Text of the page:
10. Surely Guest

    Surely

    Joined:
    Oct 27, 2007
    Location:
    Los Angeles, CA
    #10
    Bookburning? That would satisfy your username, no? :D
     
  11. firestarter thread starter macrumors 603

    firestarter

    Joined:
    Dec 31, 2002
    Location:
    Green and pleasant land
    #11
    It would certainly serve a dual purpose by helping offset my house heating costs, but I'm not sure I could bring myself to do that.

    OK, perhaps if I owned some Dan Brown books...
     
  12. Scepticalscribe Contributor

    Scepticalscribe

    Joined:
    Jul 29, 2008
    Location:
    The Far Horizon
    #12
    Dan Brown, yes, maybe that is justified on house heating costs, but, as for the rest, (and I know it was written in jest), book-burning is a truly terrible idea and an even more dreadful act; societies that start by burning books often end by burning people - it reeks of a loathing of learning, a monumentally, insanely confident intolerance......and a desire to control what people read, learn and know.

    Personally, I love books, and their physical presence, and three rooms in my house have floor to ceiling shelves, and books are sneaking into other locations, as well,......having said that, a bit of de-cluttering is worth contemplating; so, to the OP, the charity shop option is certainly worth looking at, - you'll feel good and do good all at once - as are any libraries near homes for older people, who tend to read and who may well welcome an opportunity to use their minds and imaginations with the gift of books.

    Cheers
     
  13. steve2112 macrumors 68040

    steve2112

    Joined:
    Feb 20, 2009
    Location:
    East of Lyra, Northwest of Pegasus
    #13
    I dunno, I got rid of some tech books that were only good for burning. I mean, really, what else would I use that Windows NT admin guide for? 800 pages of burning goodness! Or that VB6 programming guide?
     
  14. Mord macrumors G4

    Mord

    Joined:
    Aug 24, 2003
    Location:
    UK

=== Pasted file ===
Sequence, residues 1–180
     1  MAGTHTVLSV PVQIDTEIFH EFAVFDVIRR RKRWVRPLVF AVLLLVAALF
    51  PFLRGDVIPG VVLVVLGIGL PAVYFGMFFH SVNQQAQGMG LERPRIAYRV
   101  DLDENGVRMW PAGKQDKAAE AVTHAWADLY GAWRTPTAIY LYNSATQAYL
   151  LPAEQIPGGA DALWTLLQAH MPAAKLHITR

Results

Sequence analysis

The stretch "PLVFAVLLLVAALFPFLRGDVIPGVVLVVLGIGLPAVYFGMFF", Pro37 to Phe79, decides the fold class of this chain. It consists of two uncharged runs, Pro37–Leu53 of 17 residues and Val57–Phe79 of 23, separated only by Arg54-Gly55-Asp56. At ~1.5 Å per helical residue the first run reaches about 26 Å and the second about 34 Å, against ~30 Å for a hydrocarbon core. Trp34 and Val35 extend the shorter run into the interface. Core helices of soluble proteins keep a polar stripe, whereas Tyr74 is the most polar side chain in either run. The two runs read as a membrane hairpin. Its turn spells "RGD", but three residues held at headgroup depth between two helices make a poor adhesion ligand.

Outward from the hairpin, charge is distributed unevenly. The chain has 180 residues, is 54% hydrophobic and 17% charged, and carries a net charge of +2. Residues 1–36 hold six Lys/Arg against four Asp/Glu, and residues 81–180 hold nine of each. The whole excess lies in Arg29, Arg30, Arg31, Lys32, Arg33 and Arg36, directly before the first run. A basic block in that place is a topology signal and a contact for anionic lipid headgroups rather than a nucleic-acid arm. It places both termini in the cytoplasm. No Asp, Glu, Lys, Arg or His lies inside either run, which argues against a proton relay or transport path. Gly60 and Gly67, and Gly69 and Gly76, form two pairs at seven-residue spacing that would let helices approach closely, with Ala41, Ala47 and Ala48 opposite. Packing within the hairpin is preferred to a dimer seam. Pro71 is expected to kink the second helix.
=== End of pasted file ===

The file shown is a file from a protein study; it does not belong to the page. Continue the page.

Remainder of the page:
#14
    I tend to only own physical copies of cooks I value for a particular reason, so despite being fairly well read I only have perhaps 50 books? As a kid I used to borrow books a lot and use libraries often.

    Though, that said I'm in a position where I could have 20x that number and not really have a problem storing them all.

    As for what to do with them it depends on the book and who you know really, we may face this same problem ourselves with technical books as our household has 100+ of the things that just never get used.

    I'd be inclined to give as many as I thought would get read to younger people I know, I would have loved to be given a big pile of books as a kid.
     
  15. Firestar macrumors 68020

    Firestar

    Joined:
    Sep 30, 2010
    Location:
    221B Baker Street.
    #15
    Take them to a library or charity. I'm sure they would be glad to have some extra books to rent out/sell.
     
  16. Shrink macrumors G3

    Shrink

    Joined:
    Feb 26, 2011
    Location:
    New England, USA
    #16
    I'm totally irrational about books. Seeing films of the book burnings in Germany left an indelible impression.

    So, some of my books are still on the shelf. Some are in boxes. Some are in a storage locker. Totally nuts, no?

    The rest I gave to my local library.

    I know I'm a troglodyte, but I still love real books. Paper, ink, all that outdated stuff. :D :p
     
  17. Scepticalscribe Contributor

    Scepticalscribe

    Joined:
    Jul 29, 2008
    Location:
    The Far Horizon
    #17
    Okay, okay, maybe, perhaps, just possibly, you might, you very well might have a point here........

    (Ever read James Morrow's wonderful and incredibly inventive "The Last Witchfinder"? It is brilliant, and hilarious. There is a wonderful conceit that books can write books, and he has a hystericaly funny passage where....he writes "....Mein Kampf can claim credit for most of the Hallmark greetings cards printed between 1958 and 1967....Richard Nixon's entire oeuvre can be traced to a collective effort by the science fiction slush pile at Ace Books......Once The Waste Land and Other Poems generated its first Republican Party platform, it couldn't resist creating all the others. After Waiting for Godot acquired a taste for writing Windows software documentation, there was no stopping it....")

    So, maybe that is what happens......do we ever know?
     
  18. r1ch4rd macrumors 6502a

    r1ch4rd

    Joined:
    Aug 5, 2005
    Location:
    Manchester UK
    #18
    Have you decided what you want to keep and what you want to throw away? A technique that i have used is to seal a load of books up in a box (do this multiple times until you run out of books) and then leave them in a cupboard out of the way for a few months. Any boxes that remain should be taken to a charity shop - but don't look in them. That way, you avoid any lingering doubt about whether you need them. You obviously don't if they have just been sat there.

    Good move :)
     
  19. firestarter thread starter macrumors 603

    firestarter

    Joined:
    Dec 31, 2002
    Location:
    Green and pleasant land
    #19
    I have about 20 boxes of books that have been in storage for a couple of years. I was actually organised enough to spreadsheet them all before I stored them, so I have a list that I've been through to decide what I want to keep/throw. I plan to get down to 2 boxes.

    I've got stuff in there that I don't want to get rid of... like a 'Complete Hitch Hiker's Guide' that Douglas Adams signed for me.